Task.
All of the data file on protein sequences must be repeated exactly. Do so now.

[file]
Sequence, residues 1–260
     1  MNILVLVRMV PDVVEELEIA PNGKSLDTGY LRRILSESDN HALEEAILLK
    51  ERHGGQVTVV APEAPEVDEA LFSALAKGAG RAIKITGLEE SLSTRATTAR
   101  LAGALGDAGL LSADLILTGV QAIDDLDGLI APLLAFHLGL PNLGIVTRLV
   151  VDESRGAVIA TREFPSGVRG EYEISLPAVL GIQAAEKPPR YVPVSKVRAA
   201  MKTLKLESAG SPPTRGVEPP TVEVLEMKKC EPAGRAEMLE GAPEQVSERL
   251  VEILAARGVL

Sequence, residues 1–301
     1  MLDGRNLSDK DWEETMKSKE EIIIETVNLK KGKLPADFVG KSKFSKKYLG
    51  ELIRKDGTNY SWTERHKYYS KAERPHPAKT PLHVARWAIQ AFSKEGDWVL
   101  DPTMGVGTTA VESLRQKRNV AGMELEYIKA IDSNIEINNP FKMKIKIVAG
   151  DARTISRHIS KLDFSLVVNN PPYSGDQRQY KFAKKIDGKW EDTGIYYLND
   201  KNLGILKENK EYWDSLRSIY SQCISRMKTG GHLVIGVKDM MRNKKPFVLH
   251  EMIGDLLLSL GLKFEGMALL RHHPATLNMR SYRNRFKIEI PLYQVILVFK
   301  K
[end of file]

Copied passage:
Sequence, residues 1–260
     1  MNILVLVRMV PDVVEELEIA PNGKSLDTGY LRRILSESDN HALEEAILLK
    51  ERHGGQVTVV APEAPEVDEA LFSALAKGAG RAIKITGLEE SLSTRATTAR
   101  LAGALGDAGL LSADLILTGV QAIDDLDGLI APLLAFHLGL PNLGIVTRLV
   151  VDESRGAVIA TREFPSGVRG EYEISLPAVL GIQAAEKPPR YVPVSKVRAA
   201  MKTLKLESAG SPPTRGVEPP TVEVLEMKKC EPAGRAEMLE GAPEQVSERL
   251  VEILAARGVL

Sequence, residues 1–301
     1  MLDGRNLSDK DWEETMKSKE EIIIETVNLK KGKLPADFVG KSKFSKKYLG
    51  ELIRKDGTNY SWTERHKYYS KAERPHPAKT PLHVARWAIQ AFSKEGDWVL
   101  DPTMGVGTTA VESLRQKRNV AGMELEYIKA IDSNIEINNP FKMKIKIVAG
   151  DARTISRHIS KLDFSLVVNN PPYSGDQRQY KFAKKIDGKW EDTGIYYLND
   201  KNLGILKENK EYWDSLRSIY SQCISRMKTG GHLVIGVKDM MRNKKPFVLH
   251  EMIGDLLLSL GLKFEGMALL RHHPATLNMR SYRNRFKIEI PLYQVILVFK
   301  K